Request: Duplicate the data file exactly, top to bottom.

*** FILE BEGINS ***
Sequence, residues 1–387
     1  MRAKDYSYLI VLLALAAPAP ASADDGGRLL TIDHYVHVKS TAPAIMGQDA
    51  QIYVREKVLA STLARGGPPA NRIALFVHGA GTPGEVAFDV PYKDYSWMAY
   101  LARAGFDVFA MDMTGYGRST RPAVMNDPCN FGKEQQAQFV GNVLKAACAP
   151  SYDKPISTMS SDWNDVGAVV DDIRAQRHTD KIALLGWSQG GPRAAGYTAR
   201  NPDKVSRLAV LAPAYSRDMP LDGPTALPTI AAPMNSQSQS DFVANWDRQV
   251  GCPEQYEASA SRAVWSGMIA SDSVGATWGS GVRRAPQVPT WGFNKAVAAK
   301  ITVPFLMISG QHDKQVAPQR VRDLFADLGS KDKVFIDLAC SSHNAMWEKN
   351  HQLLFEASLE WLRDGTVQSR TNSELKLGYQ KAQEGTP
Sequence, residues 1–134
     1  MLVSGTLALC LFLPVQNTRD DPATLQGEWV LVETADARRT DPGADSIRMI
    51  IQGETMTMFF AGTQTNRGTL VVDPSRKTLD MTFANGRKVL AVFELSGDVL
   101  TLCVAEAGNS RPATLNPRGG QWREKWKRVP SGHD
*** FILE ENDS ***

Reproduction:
Sequence, residues 1–387
     1  MRAKDYSYLI VLLALAAPAP ASADDGGRLL TIDHYVHVKS TAPAIMGQDA
    51  QIYVREKVLA STLARGGPPA NRIALFVHGA GTPGEVAFDV PYKDYSWMAY
   101  LARAGFDVFA MDMTGYGRST RPAVMNDPCN FGKEQQAQFV GNVLKAACAP
   151  SYDKPISTMS SDWNDVGAVV DDIRAQRHTD KIALLGWSQG GPRAAGYTAR
   201  NPDKVSRLAV LAPAYSRDMP LDGPTALPTI AAPMNSQSQS DFVANWDRQV
   251  GCPEQYEASA SRAVWSGMIA SDSVGATWGS GVRRAPQVPT WGFNKAVAAK
   301  ITVPFLMISG QHDKQVAPQR VRDLFADLGS KDKVFIDLAC SSHNAMWEKN
   351  HQLLFEASLE WLRDGTVQSR TNSELKLGYQ KAQEGTP
Sequence, residues 1–134
     1  MLVSGTLALC LFLPVQNTRD DPATLQGEWV LVETADARRT DPGADSIRMI
    51  IQGETMTMFF AGTQTNRGTL VVDPSRKTLD MTFANGRKVL AVFELSGDVL
   101  TLCVAEAGNS RPATLNPRGG QWREKWKRVP SGHD